------------------ ----------- -------------- --------------
Black Vulture                0              0             22
Turkey Vulture              18             77            531
Osprey                       0              0             13
Bald Eagle                   2              2             13
Northern Harrier             0              1             22
Sharp-shinned Hawk           0             16             81
Cooper's Hawk                0              0              0
Northern Goshawk             0              0              1
Red-shouldered Hawk          0              0              0
Broad-winged Hawk            1              2              2
Red-tailed Hawk              1              1             23
Rough-legged Hawk            0              0              1
Golden Eagle                 0              0              0
American Kestrel             0              2            180
Merlin                       0              6             83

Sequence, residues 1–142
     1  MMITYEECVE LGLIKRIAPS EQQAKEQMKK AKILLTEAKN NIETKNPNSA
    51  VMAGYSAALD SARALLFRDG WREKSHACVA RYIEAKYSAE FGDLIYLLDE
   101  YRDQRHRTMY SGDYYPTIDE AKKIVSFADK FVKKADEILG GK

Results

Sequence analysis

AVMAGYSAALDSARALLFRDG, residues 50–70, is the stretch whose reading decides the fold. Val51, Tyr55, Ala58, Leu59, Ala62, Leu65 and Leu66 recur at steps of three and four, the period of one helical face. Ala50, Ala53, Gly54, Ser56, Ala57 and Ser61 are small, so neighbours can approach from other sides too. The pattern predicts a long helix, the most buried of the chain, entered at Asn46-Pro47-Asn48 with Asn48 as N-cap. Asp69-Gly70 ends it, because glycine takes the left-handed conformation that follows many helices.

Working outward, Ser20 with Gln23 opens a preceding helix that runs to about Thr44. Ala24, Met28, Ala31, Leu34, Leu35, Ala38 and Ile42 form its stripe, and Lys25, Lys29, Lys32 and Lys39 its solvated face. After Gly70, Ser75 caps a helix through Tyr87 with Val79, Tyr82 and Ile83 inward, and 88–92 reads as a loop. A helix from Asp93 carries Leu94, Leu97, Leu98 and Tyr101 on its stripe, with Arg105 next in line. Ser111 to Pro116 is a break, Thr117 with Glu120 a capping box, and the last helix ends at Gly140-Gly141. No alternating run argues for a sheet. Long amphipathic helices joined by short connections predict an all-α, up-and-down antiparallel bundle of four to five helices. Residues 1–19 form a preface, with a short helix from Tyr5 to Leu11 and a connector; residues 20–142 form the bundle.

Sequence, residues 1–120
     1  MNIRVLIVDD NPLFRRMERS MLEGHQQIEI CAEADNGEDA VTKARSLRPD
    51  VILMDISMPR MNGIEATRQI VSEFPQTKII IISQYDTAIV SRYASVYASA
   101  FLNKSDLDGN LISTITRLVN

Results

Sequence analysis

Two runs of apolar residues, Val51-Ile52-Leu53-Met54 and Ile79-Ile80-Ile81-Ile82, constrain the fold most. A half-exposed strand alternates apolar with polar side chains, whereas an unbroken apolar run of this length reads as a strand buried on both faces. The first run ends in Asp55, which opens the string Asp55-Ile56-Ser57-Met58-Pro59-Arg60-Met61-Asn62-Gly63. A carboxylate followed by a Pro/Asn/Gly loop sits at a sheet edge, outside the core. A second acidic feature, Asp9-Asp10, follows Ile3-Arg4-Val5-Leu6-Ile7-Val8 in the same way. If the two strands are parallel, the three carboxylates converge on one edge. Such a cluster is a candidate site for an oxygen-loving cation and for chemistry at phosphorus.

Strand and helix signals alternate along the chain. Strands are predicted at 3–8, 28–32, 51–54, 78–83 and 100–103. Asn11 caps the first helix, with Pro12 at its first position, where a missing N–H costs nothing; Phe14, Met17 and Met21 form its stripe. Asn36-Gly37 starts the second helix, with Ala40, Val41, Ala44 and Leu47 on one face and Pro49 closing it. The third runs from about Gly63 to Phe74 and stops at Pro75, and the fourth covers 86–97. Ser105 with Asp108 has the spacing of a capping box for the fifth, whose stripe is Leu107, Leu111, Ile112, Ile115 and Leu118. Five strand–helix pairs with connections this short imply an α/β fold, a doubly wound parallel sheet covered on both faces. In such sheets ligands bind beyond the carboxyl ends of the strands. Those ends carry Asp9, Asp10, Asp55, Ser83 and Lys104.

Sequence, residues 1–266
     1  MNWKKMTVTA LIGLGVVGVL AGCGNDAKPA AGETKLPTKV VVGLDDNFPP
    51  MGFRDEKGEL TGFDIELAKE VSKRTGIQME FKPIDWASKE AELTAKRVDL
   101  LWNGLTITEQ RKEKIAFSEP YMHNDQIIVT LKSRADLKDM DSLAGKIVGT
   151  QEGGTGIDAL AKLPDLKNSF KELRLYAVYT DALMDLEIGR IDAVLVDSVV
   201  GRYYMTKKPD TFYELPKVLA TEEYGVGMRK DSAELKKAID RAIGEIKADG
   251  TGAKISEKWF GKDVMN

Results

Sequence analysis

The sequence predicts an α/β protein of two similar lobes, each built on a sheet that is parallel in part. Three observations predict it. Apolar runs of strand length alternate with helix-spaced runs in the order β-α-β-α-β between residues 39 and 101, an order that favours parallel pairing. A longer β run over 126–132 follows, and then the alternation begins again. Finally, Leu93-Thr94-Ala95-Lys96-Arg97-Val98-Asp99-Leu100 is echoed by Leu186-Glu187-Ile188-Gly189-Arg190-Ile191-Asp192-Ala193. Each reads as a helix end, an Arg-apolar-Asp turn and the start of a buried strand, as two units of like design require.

Peregrine Falcon             0              0              0
Unknown Accipiter            0              0              0
Unknown Buteo                0              0              0
Unknown Falcon               0              0             20
Unknown Eagle                0              0              0
Unknown Raptor               0              0             15
Mississippi Kite             1              1              1

Total:                      23            108           1008
----------------------------------------------------------------------

Observation start time: 09:30:00 
Observation end   time: 12:30:00 
Total observation time: 3 hours

Official Counter:        Bruce Peterjohn, Susan Gruver

Observers:        

Visitors:
4


Weather:
light wind from the SW, temp.24-27c, 25% clcv., visb 15k

Raptor Observations:
Juv. MISSISSIPPI KITE and one Broad-Winged Hawk

2 Juv. Bald Eagle (migrating)

Non-raptor Observations:
Common Night Hawk, 2-Skimmers, 
========================================================================
Report submitted by Sue Gruver (srgruver AT aol.com)
Subject: Redden Forest Finds
From: Mary Lukaszewski <mlukas AT SPRINTMAIL.COM>
Date: Sat, 16 May 2015 09:09:51 -0400
Driving back from Milford yesterday I was surprised at the number of birds I 
seen and heard along W. Robbins Rd and along the length of State Forest Rd. 


I was happy to note that Redden Forest has finally awakened from a long winter. 
At the woodpecker lot there was a Boblink on top of a tall tree in the middle 
of the lot. When it flew off, several more joined in the flight. Somewhere in 
the lot a woodpecker was knocking on a tree. I tried to find it but could not